As with many of The Salvation Army's early day innovations, brass bands were an unplanned grass roots development. Indeed, the Army's founder William Booth confessed, 'Captains...and bands of music were not in my mind'.
It began in 1878 with a local brass quartet supporting Booth's evangelistic visit to Salisbury. The experiment proved both an attraction and an aid to the singing. The idea speedily caught on, often assisted by local teachers. Hymns and religious songs were the staple diet.
The taste for further material was catered for by established band publishers but soon the emphasis on Salvation Army purposes led to the setting up of a music department and in-house publication. In its infancy, Salvation Army music was largely a stringing together of three or four tunes and initially bands did not play other than to assist congregations. The concept of 'performance' was frowned on but there was a growing understanding of the functional value of instrumental music. As amateur composition was encouraged, by World War One there was a respectable library of fairly developed music. The 1920s saw the appearance of names which subsequently became notable and flowered fully as evidenced by the representative items on this CD.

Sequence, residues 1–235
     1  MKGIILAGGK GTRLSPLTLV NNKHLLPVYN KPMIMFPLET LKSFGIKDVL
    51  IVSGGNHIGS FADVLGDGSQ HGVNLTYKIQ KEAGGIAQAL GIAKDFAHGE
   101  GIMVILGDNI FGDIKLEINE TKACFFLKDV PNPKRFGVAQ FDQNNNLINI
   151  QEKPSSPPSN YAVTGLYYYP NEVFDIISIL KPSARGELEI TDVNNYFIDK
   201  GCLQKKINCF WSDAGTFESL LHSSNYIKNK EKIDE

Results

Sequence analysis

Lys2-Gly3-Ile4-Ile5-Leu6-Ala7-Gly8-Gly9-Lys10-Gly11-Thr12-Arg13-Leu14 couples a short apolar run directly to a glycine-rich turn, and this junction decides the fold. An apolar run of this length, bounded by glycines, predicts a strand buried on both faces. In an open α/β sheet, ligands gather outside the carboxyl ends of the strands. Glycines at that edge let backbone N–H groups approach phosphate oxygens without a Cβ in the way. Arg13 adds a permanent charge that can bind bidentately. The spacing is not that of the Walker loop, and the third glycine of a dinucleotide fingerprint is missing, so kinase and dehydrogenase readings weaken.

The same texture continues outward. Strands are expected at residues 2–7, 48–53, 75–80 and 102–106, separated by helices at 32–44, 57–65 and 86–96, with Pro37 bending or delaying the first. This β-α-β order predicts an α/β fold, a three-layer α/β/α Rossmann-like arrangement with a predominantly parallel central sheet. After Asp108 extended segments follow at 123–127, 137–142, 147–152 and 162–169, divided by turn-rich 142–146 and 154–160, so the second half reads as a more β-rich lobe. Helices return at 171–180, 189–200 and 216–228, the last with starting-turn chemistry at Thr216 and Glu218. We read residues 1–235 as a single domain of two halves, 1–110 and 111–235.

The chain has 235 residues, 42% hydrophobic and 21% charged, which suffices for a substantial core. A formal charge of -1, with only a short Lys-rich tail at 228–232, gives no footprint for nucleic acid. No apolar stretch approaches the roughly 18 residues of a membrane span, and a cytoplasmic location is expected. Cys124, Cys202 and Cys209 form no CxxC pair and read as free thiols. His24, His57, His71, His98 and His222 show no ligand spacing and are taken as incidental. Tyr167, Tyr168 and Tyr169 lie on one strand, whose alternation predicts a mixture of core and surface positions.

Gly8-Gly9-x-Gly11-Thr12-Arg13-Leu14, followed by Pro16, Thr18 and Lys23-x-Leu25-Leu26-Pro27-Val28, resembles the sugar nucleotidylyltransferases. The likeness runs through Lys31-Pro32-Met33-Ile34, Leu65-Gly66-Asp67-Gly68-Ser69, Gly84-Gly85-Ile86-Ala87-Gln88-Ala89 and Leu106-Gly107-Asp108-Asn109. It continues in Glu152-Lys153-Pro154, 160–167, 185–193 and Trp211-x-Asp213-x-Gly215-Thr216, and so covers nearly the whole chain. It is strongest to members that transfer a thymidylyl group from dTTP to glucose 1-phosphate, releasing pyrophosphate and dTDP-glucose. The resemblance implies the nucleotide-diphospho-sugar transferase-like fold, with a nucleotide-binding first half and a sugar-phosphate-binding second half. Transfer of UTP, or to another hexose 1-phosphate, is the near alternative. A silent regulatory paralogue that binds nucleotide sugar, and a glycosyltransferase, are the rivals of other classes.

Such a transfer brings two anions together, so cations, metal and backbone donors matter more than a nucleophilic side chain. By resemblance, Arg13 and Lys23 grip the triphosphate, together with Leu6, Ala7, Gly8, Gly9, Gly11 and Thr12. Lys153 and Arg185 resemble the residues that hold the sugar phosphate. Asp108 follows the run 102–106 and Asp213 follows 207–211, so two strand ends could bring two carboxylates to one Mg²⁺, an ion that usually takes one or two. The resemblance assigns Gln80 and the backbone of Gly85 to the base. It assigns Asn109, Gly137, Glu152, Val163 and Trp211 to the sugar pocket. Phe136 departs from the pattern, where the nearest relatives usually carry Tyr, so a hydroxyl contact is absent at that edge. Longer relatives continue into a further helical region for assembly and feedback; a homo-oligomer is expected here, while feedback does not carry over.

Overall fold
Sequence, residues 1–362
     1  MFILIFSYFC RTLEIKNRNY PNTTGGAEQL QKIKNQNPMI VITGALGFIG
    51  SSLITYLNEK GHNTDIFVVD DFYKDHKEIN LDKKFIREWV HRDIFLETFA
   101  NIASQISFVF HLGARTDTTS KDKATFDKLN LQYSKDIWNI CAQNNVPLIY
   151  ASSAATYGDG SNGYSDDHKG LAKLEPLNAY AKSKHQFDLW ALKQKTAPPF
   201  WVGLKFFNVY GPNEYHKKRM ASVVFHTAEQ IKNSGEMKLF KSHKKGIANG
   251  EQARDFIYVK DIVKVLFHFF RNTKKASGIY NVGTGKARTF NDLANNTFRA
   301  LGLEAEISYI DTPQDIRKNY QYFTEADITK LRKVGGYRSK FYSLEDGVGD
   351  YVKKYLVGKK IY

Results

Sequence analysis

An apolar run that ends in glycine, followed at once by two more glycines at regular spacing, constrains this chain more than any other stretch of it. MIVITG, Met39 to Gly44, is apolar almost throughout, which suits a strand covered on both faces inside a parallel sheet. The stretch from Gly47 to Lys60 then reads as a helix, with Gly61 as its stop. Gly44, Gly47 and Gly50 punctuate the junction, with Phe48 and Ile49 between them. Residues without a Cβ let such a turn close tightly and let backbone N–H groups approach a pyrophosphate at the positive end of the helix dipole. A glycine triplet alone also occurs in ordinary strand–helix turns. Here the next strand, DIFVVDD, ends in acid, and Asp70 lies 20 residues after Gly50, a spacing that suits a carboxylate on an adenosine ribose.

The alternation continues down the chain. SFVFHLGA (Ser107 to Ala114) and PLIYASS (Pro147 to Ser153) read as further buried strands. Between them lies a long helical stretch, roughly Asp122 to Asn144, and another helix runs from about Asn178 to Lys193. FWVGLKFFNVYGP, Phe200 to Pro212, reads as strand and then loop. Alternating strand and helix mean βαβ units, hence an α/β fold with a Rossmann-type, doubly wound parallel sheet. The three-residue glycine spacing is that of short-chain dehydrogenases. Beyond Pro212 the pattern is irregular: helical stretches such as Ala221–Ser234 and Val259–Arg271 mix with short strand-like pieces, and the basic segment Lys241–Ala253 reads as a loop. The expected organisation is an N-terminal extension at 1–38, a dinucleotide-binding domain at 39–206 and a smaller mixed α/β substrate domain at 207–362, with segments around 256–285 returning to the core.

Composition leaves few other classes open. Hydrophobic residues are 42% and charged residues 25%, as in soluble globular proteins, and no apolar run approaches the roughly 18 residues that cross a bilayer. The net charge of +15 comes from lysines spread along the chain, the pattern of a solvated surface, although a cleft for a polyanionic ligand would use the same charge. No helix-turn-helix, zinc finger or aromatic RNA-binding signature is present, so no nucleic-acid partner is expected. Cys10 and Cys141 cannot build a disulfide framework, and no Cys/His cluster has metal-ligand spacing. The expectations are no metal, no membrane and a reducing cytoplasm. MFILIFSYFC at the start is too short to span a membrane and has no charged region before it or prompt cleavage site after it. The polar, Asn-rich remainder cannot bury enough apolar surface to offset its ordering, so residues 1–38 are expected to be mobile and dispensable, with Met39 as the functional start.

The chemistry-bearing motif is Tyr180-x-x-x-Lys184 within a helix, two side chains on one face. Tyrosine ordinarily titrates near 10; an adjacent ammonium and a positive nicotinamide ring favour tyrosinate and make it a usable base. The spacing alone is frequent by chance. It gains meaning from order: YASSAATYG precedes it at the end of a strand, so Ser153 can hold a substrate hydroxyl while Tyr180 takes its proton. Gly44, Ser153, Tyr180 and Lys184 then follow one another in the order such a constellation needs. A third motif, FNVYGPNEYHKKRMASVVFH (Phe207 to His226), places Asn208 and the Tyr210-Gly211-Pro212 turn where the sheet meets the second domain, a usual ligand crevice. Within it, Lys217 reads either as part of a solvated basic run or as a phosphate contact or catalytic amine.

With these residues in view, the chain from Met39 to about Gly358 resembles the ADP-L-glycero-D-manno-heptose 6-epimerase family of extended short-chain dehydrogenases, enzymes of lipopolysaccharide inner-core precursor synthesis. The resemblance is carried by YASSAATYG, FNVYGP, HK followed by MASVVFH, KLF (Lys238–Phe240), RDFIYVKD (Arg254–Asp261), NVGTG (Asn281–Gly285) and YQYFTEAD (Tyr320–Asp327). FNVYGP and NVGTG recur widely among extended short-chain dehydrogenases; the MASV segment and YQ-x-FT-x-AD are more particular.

The traditional Salvation Army method of journal publication often leads to the neglect of older music and this series, played by the modern day ISB, is designed to preserve works which deserve survival well beyond their heritage interest.
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